Conducting Yourself in the Interview

In previous articles, we’ve covered the basics when it comes to being successful in an interview, but only from one side of the table. Being a hiring manager means that it falls upon you to line your business with people of the best talent and character that you can find. People as good, if not better, than the ones they’ll be replacing. Hiring the wrong people can cost you money, time, and your reputation as a business. How can we prevent this?

Before you even put the word out about a job opening, you must decide exactly what it is that you’re looking for in a candidate. What made the last person to hold the position successful or a failure? How much experience are you looking for in a new employee – how much time will it take to train them? As you brainstorm qualifications, be sure to do so with all those involved in conducting interviews so that everyone is on the same page and will be working off the same criteria on which individuals will be evaluated. Not only will you ensure that interviews are consistent, but that they are also reliable as well as viable. Viability being a measure of how accurately your criteria encapsulates the desired employee, and reliability being a measure of how often the criteria in your interview (as well as the requirements posted online) produce the desired results. Any good test needs both.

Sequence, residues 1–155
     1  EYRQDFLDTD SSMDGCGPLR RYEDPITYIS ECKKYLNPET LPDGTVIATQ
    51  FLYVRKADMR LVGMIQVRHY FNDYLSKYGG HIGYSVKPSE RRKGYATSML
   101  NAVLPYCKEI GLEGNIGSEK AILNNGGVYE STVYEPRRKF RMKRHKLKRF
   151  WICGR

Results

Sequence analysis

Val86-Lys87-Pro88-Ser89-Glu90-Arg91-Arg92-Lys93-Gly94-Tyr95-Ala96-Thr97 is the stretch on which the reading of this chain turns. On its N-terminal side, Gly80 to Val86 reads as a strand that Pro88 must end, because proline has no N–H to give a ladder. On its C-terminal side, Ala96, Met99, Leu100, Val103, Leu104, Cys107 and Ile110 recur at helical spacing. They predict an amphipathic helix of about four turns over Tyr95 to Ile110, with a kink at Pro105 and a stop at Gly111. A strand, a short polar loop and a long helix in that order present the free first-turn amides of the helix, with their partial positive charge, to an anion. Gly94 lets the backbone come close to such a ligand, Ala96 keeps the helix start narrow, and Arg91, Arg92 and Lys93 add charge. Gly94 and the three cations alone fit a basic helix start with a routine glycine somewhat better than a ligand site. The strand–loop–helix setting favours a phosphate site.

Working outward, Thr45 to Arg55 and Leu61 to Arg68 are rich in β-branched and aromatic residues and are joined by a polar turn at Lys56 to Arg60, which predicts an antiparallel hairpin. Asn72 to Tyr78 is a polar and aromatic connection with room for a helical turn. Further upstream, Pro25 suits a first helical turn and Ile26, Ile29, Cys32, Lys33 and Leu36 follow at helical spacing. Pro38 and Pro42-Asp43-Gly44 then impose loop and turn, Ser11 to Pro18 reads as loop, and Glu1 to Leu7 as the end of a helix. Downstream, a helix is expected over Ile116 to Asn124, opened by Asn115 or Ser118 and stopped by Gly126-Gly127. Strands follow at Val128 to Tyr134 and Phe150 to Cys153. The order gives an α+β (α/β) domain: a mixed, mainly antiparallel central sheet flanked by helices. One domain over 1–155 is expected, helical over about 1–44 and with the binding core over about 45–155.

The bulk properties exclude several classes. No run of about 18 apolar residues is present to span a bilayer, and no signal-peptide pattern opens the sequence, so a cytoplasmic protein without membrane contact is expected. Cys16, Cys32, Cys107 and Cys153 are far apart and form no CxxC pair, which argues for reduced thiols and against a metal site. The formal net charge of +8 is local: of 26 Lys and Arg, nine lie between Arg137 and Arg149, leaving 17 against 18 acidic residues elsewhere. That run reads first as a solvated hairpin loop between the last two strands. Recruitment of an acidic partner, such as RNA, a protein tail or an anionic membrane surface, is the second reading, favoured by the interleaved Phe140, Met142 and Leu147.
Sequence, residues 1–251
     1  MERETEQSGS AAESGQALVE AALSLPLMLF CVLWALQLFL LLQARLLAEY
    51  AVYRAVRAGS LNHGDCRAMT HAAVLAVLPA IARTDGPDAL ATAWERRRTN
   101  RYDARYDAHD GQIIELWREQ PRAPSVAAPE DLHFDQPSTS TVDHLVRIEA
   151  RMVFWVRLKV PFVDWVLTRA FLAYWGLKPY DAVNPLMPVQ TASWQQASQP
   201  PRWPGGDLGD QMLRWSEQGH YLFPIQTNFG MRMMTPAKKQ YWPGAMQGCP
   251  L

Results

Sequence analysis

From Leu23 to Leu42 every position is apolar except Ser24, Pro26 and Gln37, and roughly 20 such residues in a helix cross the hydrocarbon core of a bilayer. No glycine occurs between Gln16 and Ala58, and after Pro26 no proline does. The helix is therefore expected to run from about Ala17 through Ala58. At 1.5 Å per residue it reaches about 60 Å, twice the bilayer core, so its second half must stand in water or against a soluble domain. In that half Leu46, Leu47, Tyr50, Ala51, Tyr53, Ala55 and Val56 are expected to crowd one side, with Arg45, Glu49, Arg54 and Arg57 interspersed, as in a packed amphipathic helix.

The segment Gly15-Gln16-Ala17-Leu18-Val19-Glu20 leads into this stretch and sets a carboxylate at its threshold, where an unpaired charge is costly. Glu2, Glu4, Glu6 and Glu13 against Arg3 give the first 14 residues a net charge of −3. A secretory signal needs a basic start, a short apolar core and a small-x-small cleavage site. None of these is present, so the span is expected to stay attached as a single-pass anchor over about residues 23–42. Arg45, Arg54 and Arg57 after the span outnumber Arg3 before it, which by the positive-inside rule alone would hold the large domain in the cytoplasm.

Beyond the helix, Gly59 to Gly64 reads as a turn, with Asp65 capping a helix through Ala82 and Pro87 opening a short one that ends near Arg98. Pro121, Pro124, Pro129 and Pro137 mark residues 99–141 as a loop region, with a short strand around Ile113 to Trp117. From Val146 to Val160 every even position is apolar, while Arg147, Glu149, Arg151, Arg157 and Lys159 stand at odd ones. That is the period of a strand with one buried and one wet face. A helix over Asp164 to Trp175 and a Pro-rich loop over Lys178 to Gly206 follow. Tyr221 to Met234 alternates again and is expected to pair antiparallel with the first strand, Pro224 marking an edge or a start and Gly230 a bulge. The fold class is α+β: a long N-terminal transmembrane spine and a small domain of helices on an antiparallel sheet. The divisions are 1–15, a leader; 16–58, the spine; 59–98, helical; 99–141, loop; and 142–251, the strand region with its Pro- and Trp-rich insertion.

When all is said and done and you have a crop of desirable candidates to choose from, the interviewing process can get underway. But before anyone walks in, you need to familiarize yourself with each applicant prior to your first meeting. Their resumes and cover letters will give you valuable insight into their past experiences and talents, as well as to help indicate what types of informational questions to include in the interview, which will be discussed in part two of this article. The provided resumes can also serve as note paper, as it is very important to take specific notes on each interviewee so as not confuse your experiences. In other words, unless you record your impressions, you may not remember any of the candidates well enough after the fact when it comes time to make any final decisions.

At last, it is time to conduct your interviews. Throughout this process, you have two goals; follow the established criteria to focus on your desired qualities, and foster rapport with the candidates (a trusting and professional relationship). If applicants feel apprehensive or otherwise uncomfortable with you, it will be more difficult to coax honest responses to your questions and will actively diminish their desire to work with you and, by extension, your business. Speak in a leveled, but firm tone and not too quickly. Small talk to break the ice is always a good way to start. But as the interviewer, your speech should pertain primarily to the questions, interjecting or follow-up questions, the occasional comment where appropriate.

In part two, we will take a look at what types of questions will be involved in the interview, as well as the strengths and weaknesses of each.

Now that we have a better understanding of the procedural framework involved in screening and engaging your applicants as part of the interviewing process, next comes the more substantive component – what to ask them? Granted, what exactly you’ll be asking as it to pertains to the opening in question will vary from business to business, each having individual standards and expectations, and from position to position, requiring different skills and degrees of experience to be filled effectively. What we’ll be discussing next is the kinds of questions you should be asking and what you can expect to get as a result of each.